Moreover, because of its slow pace and attention to detail, Iyengar yoga is recommended to those recovering from injuries, chronic medical conditions like arthritis, and beginners who want to learn the correct alignments in each asana.


Image: Props including straps are used in the yoga form developed by the master BKS Iyengar
Photographs: Shameem Akhtar

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Power Yoga

  • Burns between 500 and 700 calories in an hour
  • Not for those who aren't used to regular workout

One of the most popular forms, power yoga is "essentially yoga with brawn," believes Bhargava who conducts packed power yoga sessions at her centre.

"Power yoga takes Ashtanga one step further: many asanas resemble basic calisthenics such as push-ups and handstands, toe touches and side bends," she explains.

"But the key to producing sweat and building muscle power is the pace. Instead of pausing between postures as you would in traditional yoga, each move (in power yoga) flows into the next, making it an intense aerobic workout."

"In the module I teach, I dedicate ten minutes only to the core muscles,"says Verma who swears by power yoga.

The workout, say both the instructors, revs up the metabolism and results in more calories burned in an hourly session - anywhere between 500 and 700.

However, those who aren't accustomed to regular workout and have led a sedentary lifestyle for a long time, should start with something easier like Hatha yoga.


Image: Power yoga takes Ashtanga one step further by adding pace to the workout.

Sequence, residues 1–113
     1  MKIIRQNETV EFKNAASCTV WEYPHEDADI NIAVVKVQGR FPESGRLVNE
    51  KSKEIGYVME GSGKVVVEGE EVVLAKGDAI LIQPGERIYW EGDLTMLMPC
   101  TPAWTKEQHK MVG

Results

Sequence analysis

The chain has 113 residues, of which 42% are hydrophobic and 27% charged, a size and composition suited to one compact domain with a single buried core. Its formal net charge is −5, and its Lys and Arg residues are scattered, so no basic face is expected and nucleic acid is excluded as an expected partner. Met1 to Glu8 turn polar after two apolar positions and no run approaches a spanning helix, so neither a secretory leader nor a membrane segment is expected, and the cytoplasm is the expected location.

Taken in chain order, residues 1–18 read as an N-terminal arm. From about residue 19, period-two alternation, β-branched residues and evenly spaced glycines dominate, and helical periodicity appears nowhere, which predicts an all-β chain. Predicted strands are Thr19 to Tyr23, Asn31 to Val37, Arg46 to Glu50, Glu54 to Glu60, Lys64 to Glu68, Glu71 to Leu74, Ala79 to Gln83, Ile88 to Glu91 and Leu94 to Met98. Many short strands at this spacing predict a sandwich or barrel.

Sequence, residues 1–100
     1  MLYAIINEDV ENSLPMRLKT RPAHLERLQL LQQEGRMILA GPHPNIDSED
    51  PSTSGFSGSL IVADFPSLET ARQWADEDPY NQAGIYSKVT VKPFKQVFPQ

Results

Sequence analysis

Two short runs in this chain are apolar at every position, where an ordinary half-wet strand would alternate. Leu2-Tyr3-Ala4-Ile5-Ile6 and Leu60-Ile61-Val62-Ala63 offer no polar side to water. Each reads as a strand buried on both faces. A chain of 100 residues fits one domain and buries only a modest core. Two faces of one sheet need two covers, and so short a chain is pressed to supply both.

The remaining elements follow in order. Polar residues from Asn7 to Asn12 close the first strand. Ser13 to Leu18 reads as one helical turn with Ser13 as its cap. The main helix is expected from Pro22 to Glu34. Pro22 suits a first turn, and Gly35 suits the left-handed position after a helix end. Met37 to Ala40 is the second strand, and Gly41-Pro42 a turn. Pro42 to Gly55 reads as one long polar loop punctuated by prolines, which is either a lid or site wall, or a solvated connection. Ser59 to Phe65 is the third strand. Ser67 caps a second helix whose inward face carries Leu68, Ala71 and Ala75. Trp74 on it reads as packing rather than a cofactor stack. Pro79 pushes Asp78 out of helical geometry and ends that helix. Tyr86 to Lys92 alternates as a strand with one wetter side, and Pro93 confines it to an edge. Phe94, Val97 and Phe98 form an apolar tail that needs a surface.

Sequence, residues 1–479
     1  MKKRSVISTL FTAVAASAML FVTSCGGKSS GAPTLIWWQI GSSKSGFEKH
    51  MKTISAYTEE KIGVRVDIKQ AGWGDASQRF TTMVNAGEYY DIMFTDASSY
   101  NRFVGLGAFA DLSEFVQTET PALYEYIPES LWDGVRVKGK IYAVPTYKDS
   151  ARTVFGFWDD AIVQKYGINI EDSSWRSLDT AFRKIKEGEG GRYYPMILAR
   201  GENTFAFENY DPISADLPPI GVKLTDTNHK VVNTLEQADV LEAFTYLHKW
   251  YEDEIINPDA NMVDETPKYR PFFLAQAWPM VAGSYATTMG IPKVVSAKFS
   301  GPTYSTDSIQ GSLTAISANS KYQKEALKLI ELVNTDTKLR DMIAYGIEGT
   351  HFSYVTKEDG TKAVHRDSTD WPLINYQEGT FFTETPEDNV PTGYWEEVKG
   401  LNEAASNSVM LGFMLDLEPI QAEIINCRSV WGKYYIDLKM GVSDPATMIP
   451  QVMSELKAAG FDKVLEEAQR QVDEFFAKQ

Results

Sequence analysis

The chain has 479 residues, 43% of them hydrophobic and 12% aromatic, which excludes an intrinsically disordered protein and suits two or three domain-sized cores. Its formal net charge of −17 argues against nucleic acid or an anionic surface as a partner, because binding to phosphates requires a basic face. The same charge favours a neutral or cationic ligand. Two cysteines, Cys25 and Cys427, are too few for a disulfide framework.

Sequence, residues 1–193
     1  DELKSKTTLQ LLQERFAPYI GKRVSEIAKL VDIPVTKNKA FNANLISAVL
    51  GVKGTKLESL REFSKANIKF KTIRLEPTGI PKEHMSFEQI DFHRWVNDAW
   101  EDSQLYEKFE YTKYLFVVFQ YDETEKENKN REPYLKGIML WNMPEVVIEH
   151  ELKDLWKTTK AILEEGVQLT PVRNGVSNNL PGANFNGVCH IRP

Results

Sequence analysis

Photographs: Lululemon Athletica on Flickr, Wikimedia Commons

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Bikram Yoga

  • Practised in a hot environment
  • Flushes out toxins, increases flexibility

Also known as "hot yoga" - it is practised in an environment with raised temperatures - Bikram Yoga is a comprehensive workout that includes all the components of fitness: muscular strength, muscular endurance, cardiovascular flexibility and weight loss.

Founded by Olympic gold medallist (weight lifting) Bikram Choudhury, one of the most unusual but beneficial aspects of Bikram yoga, says Bhargava, is the 95-105 degree Farenheit room temperature which promotes more flexibility, detoxification, and prevention of injuries.

"It is typically a series of 26 asanas that loosens tight muscles and makes you sweat," says Bhargava. Practice Bikram yoga to flush out toxins and to stretch the muscles; it is recommended to those recovery from an injury.


Image: Bikram Yoga is practised in an environment with raised temperatures.
Photographs: HealthZone/Wikimedia Creative Commons